Where do I start? How about with the fact the author states that dark-skinned asians from outer space drive mysterious black VW Bugs and come to our planet to mutilate cattle, make prank phone calls, pretend to be government agents, and take suprise photographs of us while hiding in our living rooms?
I can't believe that 'literature' like this got published but hundreds of authors get rejected every month.
And the money the author accepted from Hollywood for the rights to develop a movie based on it would have been better invested in nursery rhymes.
It amazes me that this guy actually has made a living since the 1960s writing this stuff.
He takes credit for every original thought that UFO folks have had (because he 'wrote a paragraph' about it earlier). But discredits some of the folks he interviews while trying to make others look more believable.
The book isn't about the mothman - which he describes as being everything from a 10 foot chicken to a nude dark 7 foot tall woman with wings. It's about nothing in particular; just a collection of accounts in the late 60s and early 70s that he 'investigated.'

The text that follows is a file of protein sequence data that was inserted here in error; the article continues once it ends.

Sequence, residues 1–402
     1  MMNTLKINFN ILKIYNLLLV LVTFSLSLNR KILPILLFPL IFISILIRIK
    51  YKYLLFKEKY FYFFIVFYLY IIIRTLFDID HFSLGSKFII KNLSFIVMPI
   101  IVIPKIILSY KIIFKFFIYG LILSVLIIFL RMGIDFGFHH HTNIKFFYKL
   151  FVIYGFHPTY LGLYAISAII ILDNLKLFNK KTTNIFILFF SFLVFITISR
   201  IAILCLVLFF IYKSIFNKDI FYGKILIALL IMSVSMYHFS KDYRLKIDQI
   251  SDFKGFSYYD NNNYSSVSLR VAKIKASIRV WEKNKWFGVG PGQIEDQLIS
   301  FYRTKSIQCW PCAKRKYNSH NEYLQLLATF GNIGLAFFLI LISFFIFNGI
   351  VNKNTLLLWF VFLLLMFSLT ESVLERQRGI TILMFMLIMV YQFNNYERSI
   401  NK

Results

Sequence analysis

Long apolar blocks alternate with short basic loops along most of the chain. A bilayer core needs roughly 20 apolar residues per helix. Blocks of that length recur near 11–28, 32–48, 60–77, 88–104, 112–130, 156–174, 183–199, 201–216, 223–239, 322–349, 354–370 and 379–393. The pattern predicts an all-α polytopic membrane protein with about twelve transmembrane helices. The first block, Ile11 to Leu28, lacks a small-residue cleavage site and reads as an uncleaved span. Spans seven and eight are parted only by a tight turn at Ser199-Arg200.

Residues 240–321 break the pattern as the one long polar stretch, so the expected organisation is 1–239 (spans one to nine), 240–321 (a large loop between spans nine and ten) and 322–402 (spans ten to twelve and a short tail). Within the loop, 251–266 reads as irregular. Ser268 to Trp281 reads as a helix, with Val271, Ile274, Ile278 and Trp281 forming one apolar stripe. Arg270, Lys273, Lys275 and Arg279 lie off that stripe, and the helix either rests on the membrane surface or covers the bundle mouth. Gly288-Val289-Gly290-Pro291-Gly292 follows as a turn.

It's hard to listen to the book without being insulted by the author's attempt to even make you belive some of this stuff.
Like a proverbial 'train wreck' the only reason to continue to listen is to see just how far out on a limb this guy can go. Just when you think he's managed to completely confuse everything that you've ever heard about UFOs; he'll take it a step further by telling you that these same aliens will cause your phone lines to screach and then send poltergeists to your house just for kicks. Obviously no one ever told him that UFOs, Ghosts, & Demons are about as different subjects as Vasectomies, Home Shopping Channes, and Oil Changes are.
Save your money.
Save your sanity.
Save what's left of your good taste.
Don't buy this book.
You've been warned.
The stories are interesting enough. The narration is pretty good.
The thing that bugs me the most is the Endless comments that basically is the author saying, "Look how important I am! Seriously. I'm that important. Everyone knows who I am, even people not interested in UFOs. I really am kind of a big deal!" I was kind of able to ignore the constant patting self on the back to get through the first half. The second half and this issue gets worse. This probably would have been a great book on "What ifs" and "Maybe" but for the endless ego stroking.
No, just the author.
I have not, but he does a very good job reading Keen's ego stroking. I would love to hear him read a better book.
Yes, never read or bother listening to anything from Keen again.
You wrote a book, Mr. Keen and that's great. Not many folks have written and had published any sort of book. With that said, get over yourself.